Mukeunji//Son Ja Jang/Conveyor belt sushi bar is a odd New York City multi-restaurant venue. In addition to being a traditional Korean restaurant, Mukeunji also houses Son Ja Jang, a Chinese hand-pulled noodle restaurant, and in the back, houses a conveyor belt sushi bar. Son Ja Jang is literally a hole in one of the walls of the Mukeunji dining room through which you can see a guy hand-pulling noodles. Based on the menu Son Ja Jang appears to serve Korean-Chinese food, akin to American-Chinese food, this is Chinese food adapted for Korean tastes. They serve one of my least favorite dishes, Ja Jang Myeon, a noodle dish topped with a thick salted black bean sauce. Lastly, as in all instances of this idea, the conveyor belt sushi bar seemed really sketchy, like a great place to buy not so fresh, room temperature raw fish.
Mukeunji starts out the meal with a half dozen appetizer plates, including an excellent cabbage kimchi. They seem to pride themselves on their kimchi, they have a large museum style set of photos and text on the wall describing the sourcing of their kimchi. At the end of the meal they give you a little plastic shot sized bottle of yogurt drink. Yum, and I mean that for real. Continue reading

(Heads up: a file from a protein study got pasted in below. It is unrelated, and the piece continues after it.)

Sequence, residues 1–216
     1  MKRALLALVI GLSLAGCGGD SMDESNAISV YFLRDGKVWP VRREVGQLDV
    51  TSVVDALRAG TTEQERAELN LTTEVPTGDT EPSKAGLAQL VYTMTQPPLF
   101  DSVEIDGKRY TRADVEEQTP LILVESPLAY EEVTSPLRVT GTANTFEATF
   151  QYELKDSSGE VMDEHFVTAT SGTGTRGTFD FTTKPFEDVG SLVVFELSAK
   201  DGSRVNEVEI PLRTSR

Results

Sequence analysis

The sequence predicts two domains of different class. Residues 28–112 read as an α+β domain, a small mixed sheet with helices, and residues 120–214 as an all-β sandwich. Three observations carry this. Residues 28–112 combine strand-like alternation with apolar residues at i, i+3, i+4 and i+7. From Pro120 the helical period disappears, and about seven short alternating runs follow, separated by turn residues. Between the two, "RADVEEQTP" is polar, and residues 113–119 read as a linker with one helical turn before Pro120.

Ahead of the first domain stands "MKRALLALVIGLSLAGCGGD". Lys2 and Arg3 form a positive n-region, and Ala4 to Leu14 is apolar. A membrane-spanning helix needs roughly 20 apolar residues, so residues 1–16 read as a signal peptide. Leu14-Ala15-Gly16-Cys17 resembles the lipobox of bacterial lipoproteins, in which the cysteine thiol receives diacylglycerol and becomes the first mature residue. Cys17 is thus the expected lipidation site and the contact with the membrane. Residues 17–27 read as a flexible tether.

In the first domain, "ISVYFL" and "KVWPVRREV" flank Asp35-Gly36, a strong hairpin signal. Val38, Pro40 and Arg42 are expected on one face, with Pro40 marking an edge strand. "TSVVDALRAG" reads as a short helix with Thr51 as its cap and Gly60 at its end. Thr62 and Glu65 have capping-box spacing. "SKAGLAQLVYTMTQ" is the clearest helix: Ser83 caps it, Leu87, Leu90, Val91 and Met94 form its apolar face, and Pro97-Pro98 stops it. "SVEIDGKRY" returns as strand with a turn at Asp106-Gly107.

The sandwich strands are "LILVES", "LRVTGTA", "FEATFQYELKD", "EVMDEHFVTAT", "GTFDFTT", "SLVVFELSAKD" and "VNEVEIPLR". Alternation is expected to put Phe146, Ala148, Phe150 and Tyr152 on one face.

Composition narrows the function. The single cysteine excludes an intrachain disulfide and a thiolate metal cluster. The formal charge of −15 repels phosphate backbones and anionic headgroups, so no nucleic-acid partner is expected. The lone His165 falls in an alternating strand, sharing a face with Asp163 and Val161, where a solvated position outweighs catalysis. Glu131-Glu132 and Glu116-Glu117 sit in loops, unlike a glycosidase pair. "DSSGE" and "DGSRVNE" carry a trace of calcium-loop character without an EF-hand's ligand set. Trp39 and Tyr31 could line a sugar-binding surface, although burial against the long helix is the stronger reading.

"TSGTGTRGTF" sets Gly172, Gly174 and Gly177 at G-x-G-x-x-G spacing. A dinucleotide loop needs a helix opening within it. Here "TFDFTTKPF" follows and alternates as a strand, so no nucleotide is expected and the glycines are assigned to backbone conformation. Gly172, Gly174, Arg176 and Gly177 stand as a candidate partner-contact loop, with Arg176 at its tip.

456 Shanghai Cuisine is run by the grandson of the owner of the well regarded original 456 that was located in China Town’s Chatham Square in the 1970s. Forty years later the reborn 456 is an unassuming, plate glass fronted restaurant on Mott Street just below Canal Street. Soon after it opened in 2011 the NY Times put it on the culinary map with a good overall review and a glowing recommendation for its soup dumplings. While the main menu, at least the parts of it written in English, offers mainly American-Chinese dishes, the appetizer menu includes many traditional dumplings offerings. Continue reading
The media world seems to be dubbing February “Dumpling Month”. The NY Times posted a really tasty sounding dumpling recipe for Lunar New Year and Lucky Peach is posting a series of dumpling articles. David Cheng’s essay, “The world’s most underrated dumpling” is a spot on description of the joys of eating Shen jiang bao. There is also a great essay from Mei Chin on the tradition of making dumplings for the Chinese New Year, and rounding out the essays posted so far, there is a really in-depth “field guide for dim sum”.